‘Kobani- battle between good and evil’
RT:The battle in Kobani is still going on. What is the media attitude to the situation?
Firat Demir: The battle in Kobani has been continuing and I wouldn’t say that there is a loss of attention from the media but there is a sense of relief that the war is over in Kobani which might be the case. Given that the attention was at its peak from the Western media in the US and Europe, and twitter accounts were full of tweets about Kobani and what was happening there, with TV…about the battle there, it was pretty much represented as the battle between good and evil - which I think was the case. Resembling the battles from “The Lord of the Rings,” the serial: the good guys, the Kurds, were fighting against the fundamentalist Islamists.
And it had an effect in terms of what it brought to the table. If you look at the gains that the Kobani fighters, defenders managed since then, it is significant. A: They managed to put pressure on Turkey through international media to open up the borders to allow Kurdish fighters from Iraqi Kurdistan to bring support and help to Kobani, because Kobani is an enclave. It is in Northern Syria bordering Turkey; it is disconnected from the rest of Syrian Kurdistan, which Kurds call Western Kurdistan. So, Rojava and Kobani are parts of the same canton system, but they have no border connection. Rojava on the north-east side of Syria has a border with the Iraqi side which was disconnected by Iraqi Kurdistan. The [Masoud] Barzani government didn’t like Kurds forming an alternative rival group … Iraqi Kurdistan is mostly ruled by two parties: the party ruled by Barzani and former President of Iraq, [Jalal] Talabani, as opposed to Syrian Kurdistan which is party-controlled, affiliated with the PKK [ Kurdistan Workers' Party], and the PYD (the Democratic Union Party).
The Kurds in Iraq, or the Barzani government, saw this is a rivalry or a power contest. So they blocked the border with Syrian Kurdistan and they did not provide any strategic ammunition or any other logistical support to the Kurds up until the battle in Kobani became international news. Once it became international news it put pressure on the Turkish governments to do something about it because the international news crews and media were watching literally over a hill looking at Kobani. Because these borders don’t mean much for Kurds… From the Turkish side you can watch everything happening in the Syrian side of Kobani. So Turkey had to agree to open up the border.
RT:How did media coverage influence the actions of the Turkish government in the region?
How did that happen: negative publicity from the international media showing that Turks were doing nothing, that they were facilitating the passage of guns and manpower for ISIS, for the Islamists ... All these fighters on the ISIS side passed through Turkey. And there is credible evidence that Turkey has done more than just letting them pass through in the form of logistical support, guns and so on. Secondly, Turkey had to allow the fighters from the Iraqi side to pass through which wouldn’t happen if Iraqi Kurdistan did not feel the pressure from the international community, also from the Kurdish themselves. Here is the situation: you have Kobani with a couple of hundred fighters resisting for weeks against much a better armed and stronger force trying to annihilate them from the face of the Earth. And you have … Kurds in Turkey watching this every day, and they have their brothers and sisters fighting. And Kurds in Iraq are doing nothing about it. What’s even worse – they are blocking the border.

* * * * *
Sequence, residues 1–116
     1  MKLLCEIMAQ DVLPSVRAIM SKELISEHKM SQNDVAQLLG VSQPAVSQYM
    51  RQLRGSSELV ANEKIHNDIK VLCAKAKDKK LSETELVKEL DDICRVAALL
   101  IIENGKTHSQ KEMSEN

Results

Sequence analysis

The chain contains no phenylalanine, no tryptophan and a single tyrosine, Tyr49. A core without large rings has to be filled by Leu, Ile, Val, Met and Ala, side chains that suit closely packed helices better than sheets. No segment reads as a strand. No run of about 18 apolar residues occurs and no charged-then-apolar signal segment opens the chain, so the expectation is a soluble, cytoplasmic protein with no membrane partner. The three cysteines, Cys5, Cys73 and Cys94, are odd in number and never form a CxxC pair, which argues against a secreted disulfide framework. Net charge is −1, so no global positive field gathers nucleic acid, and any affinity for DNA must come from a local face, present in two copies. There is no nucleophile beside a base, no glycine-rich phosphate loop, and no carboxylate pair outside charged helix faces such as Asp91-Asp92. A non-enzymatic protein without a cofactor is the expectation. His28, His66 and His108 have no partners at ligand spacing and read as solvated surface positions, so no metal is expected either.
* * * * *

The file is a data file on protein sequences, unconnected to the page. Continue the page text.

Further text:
It put a significant pressure on the Barzani government to do something and help the brother Kurds in Syria. And with this agreement with Turkey they managed to bring Peshmerga forces with fresh ammunition and guns that can match the ones that are available to ISIS. Because the ones that ISIS has been using are first quality ammunition and guns mostly stolen from the Iraqi army, they are manufactured in the US. And the guns that Syrian Kurds in Kobani had were very light weaponry like Kalashnikov or very simple assault weapons instead of having tanks or missiles.
Once you opened the border and help started coming in from the Iraqi side, and also hundreds of Kurds from Turkey wanted to join and support the PWG (People’s War Group) fighters in Kobani, it brought a split up in Kobani and ISIS went on the run. At the moment ISIS is at the outskirts of the town, they have lost allies in terms of manpower and prestige. Kurds are the opposite - they are on the winning side.
The statements, views and opinions expressed in this column are solely those of the author and do not necessarily represent those of RT.